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NSF certifier officials and coffee roasters visit CATIE's International Coffee Collection

  • There is interest in establishing a certification mechanism for the genetic purity of coffee that is of interest to the industry and that brings benefits to producers organized in cooperatives.

November 26, 2019. The coffee roasters are the link that connects the coffee bean, produced on the farms, with the final consumer who drinks a cup of coffee. For these industrialists, the genetic purity of the coffee they roast is an important factor in ensuring the stability of the flavor profiles and other industrial attributes of the coffee they process and sell. This is why on November 16 an important group of small coffee producers and roasters from Peru, Nicaragua, Mexico, Germany and the United States visited the International Coffee Collection of CATIE (Tropical Agricultural Research and Higher Education Center), whose diversity and genetic purity is a source of opportunities and an optimal base for the coffee industry.

"The visit to the International Coffee Collection showed roasters that there are endless opportunities for producers to access high-quality varieties through independent traceability mechanisms and that it is perfectly feasible to ensure the genetic purity of the coffee grown by the producers who supply them with roasted coffee," said Eduardo Somarriba, leader of CATIE's Agriculture, Agro-forestry and Livestock Program.

According to Somarriba, there is interest in establishing an independent verification mechanism at the level of small and medium producers, organized in cooperatives or individually, to certify the genetic purity of coffee, which is of interest to industrialists, in this case coffee roasters, and which also brings direct benefits to producers, who would use this service that would be voluntary and in accordance with the seed and plant laws of different countries.

"The goal is to develop a commercial business model in which producers participate, linked to roasters through good long-term contracts, where the quality and consistency of exported and roasted coffee is optimal to establish a representative base depreciations for added value, certified by NSF International, in terms of seed traceability and genetic stability; where CATIE would provide technical assistance to producers on their farms to ensure high yields, sustainability and compliance with the necessary environmental, social and industrial standards," commented Somarriba.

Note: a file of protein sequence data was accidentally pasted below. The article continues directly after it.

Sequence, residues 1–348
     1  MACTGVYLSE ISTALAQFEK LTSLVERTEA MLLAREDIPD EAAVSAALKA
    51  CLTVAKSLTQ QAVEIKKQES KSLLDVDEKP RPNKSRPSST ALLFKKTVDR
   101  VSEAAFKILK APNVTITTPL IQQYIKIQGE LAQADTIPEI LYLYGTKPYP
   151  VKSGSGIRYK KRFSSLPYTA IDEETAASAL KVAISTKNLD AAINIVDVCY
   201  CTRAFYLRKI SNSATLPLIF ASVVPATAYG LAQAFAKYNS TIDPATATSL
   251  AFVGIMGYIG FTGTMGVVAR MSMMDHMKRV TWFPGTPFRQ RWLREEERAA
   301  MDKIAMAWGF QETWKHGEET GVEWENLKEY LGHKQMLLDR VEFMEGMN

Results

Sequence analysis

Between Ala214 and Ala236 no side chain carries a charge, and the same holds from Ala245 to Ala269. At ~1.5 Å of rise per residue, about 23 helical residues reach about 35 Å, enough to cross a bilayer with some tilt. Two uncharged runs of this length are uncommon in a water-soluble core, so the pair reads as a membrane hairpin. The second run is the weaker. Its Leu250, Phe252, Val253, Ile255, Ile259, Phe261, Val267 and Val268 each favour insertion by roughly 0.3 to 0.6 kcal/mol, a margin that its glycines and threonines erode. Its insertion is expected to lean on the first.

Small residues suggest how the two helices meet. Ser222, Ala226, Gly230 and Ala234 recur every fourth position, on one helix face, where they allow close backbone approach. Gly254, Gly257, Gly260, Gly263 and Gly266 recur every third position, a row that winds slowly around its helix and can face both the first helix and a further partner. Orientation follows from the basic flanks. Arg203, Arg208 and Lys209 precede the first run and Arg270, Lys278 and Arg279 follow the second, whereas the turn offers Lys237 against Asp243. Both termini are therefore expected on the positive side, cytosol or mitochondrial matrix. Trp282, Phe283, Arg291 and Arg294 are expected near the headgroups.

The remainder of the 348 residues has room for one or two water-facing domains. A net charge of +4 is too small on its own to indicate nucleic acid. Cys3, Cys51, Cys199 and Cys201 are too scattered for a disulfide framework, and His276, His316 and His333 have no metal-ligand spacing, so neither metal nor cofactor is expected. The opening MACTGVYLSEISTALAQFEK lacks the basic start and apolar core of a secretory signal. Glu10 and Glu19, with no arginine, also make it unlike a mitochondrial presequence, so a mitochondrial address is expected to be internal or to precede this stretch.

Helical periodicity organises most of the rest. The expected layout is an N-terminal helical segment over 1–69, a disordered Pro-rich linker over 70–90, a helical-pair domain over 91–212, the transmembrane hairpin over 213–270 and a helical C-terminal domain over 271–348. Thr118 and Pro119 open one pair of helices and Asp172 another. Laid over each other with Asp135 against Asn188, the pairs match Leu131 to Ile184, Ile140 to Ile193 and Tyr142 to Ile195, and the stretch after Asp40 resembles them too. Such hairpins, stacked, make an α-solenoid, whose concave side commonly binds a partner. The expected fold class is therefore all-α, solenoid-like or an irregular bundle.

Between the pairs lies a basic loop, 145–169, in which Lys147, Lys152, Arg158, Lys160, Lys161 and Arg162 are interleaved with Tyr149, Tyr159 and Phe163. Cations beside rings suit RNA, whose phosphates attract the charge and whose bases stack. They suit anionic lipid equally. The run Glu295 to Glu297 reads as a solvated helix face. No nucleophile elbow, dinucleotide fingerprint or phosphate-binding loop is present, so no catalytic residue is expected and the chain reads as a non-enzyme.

Gerry LaRue, of NSF International, said that the alliances created between producers eager to know with certainty the traceability of seeds and coffee and cocoa plants they plant as replacements for plants that have reached the end of the productive stage is an unprecedented movement, since in both agricultural industries the small and medium producer generally questions what is planted and how to know if what he bought has the genetic qualities he was looking for.

As part of the visit, the roasters and NSF officials also learned about the testing of agro-forestry systems with coffee by CATIE and as the day progressed, they visited the Biotechnology Laboratory and the Forest Seed Bank of the Center where they learned about the propagation of F1 hybrids by in vitro cultivation and the propagation of F1 hybrids by stakes.

After the visit, it was agreed that roasters will encourage their coffee bean supplier cooperatives to approach CATIE for information on how to improve practices in seedbeds, for acquiring seeds and genetic material, as well as plants for sowing, with high genetic purity and attractive prices.


Participants of the visit

  • Randy Vasquez, pasante del Programa Nacional de Innovación Agraria PNIA-INIA, Perú

  • Timothy Windmiller, CEO de Windmiller Development, Estados Unidos

  • Eber Mercedes Sánchez, general manager of the Laguna Condores Cooperative, Peru

  • Gilmer Martín López, president of the Laguna Condores Cooperative, Peru

  • Elmer Sánchez, general manager of CECAFE, Peru

  • Miguel Gómez, independent consultant, Nicaragua

  • José Juárez Varela, CEO of La Selva Café, Mexico

  • José María Juárez Villar, from La Selva Café and student of TEC Monterrey, Mexico

  • Stephen Cox, NSF International, United States

  • Gerry LaRue, NSF International, United States

  • Craig James, Barrie House, United States

  • Carla James, Barrie House, United States

  • Genenive Kappler, CO of Barrie House, USA

  • Josué Ruiz, CEO of Hochland Kaffee Hunzelmann, Germany

  • Timothy Windmiller, CEO of Windmiller Development, United States



More information:

Eduardo Somarriba
Agriculture, Agro-forestry and Livestock Program.
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Karla Salazar Leiva
Tecnología de Información y Comunicación
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